Google’s subscription games and applications system, Play Pass , arrived in Spain a few days ago ready to compete with Apple Arcade and to show that there is also room for developers on Android who want to make a living without resorting to advertising. After a few days of testing it seems that it is a good first step and that it is going in the right direction, but the road is long, winding and with many dangers. It remains to be seen if Google has the determination – and luck – it takes to make it to the end, or if it will stay in the broken toy drawer.
The idea, of course, is attractive: 4.99 euros per month for hundreds of games and apps of a certain quality and without advertising. You can even buy a one-year subscription for € 29.99, which would cut the price in half. And for the undecided, a trial month.
Of course, all this doesn’t make any sense if the catalog is mediocre. Apple knew how to see it from the beginning and opted for ‘exclusive’ titles (they may appear on other platforms, but not on Android or similar subscription services) that practically by themselves would justify paying five euros. With releasing one or two a month, everyone is happy.
Google is not so clear. If Apple jumped headlong and with a corkscrew, the search engine enters the water little by little and thinking about each step: a less dignified image; a little memorable bathroom . But if it stays cool, who cares?
Thus, the game repertoire is an interesting entree that promises good things if the company takes it seriously and that will sink into a sea of indifference if no big titles come in in the coming months. Pocket City, Stardew Valley, Agent A, Game Dev Tycoon, Bridge Consructor Portal or Holedown are strong arguments to justify the payment … for a few months. Nobody keeps the oranges when they have squeezed all the juice.
Along with them there is a middle class of free titles with payment made: coins of all kinds, hints or additional attempts that only make sense if it is understood that outside of Play Pass they are ads or micropayments. They serve to hang out and, above all, to point out the nudist emperor and proclaim from the rooftops “they weren’t fun, just addictive!”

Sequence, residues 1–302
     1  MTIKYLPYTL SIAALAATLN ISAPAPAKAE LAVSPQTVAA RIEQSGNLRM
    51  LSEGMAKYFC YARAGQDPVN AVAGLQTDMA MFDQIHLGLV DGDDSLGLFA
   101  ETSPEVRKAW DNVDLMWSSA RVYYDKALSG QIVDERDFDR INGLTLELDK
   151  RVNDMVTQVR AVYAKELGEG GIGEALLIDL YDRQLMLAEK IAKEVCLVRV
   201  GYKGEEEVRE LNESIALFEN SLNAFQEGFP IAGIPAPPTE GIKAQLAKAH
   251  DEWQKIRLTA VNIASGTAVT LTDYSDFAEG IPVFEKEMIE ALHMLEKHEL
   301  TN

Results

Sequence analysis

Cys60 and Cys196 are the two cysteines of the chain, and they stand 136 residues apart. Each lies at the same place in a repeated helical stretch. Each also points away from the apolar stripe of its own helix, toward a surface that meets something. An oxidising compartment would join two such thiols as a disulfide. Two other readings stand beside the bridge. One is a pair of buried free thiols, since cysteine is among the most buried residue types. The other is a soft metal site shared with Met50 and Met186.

All of them are arranged in their own tab on Google Play , where everything that goes into the subscription has its own icon and the price that mortals pay crossed out. It is not a bad way to remember that, in a way, it means savings and to generate interest, but when all the fish is sold it is a bit worth walking around the fish market.
In the productivity applications section, the subscription has much less to offer, although there are hidden gems like FlipaClip . In general, anyone who needs a scientific calculator on their mobile has already downloaded it and, even at the risk of falling into generalizations, those looking for a unicorn diary with a password may not be the target audience for Play Pass (which, in fairness, can be share with several people from the same family and there may appear the little unicorniophiles).
Possibly right now the best thing about Play Pass is its free trial month, which activated before the holidays at least provides 30 days of sudoku, tower defenses and confidences to mythological horses. When we return to the routine, we can decide if it is worth continuing to pay for the same thing and what comes next.